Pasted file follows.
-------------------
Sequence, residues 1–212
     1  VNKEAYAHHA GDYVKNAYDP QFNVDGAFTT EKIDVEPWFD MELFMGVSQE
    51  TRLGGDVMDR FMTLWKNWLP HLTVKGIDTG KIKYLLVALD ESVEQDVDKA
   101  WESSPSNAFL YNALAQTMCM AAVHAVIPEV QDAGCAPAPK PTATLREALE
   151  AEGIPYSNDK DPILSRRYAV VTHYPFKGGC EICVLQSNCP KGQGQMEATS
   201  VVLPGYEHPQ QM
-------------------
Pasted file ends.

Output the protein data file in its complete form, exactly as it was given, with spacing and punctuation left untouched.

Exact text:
Sequence, residues 1–212
     1  VNKEAYAHHA GDYVKNAYDP QFNVDGAFTT EKIDVEPWFD MELFMGVSQE
    51  TRLGGDVMDR FMTLWKNWLP HLTVKGIDTG KIKYLLVALD ESVEQDVDKA
   101  WESSPSNAFL YNALAQTMCM AAVHAVIPEV QDAGCAPAPK PTATLREALE
   151  AEGIPYSNDK DPILSRRYAV VTHYPFKGGC EICVLQSNCP KGQGQMEATS
   201  VVLPGYEHPQ QM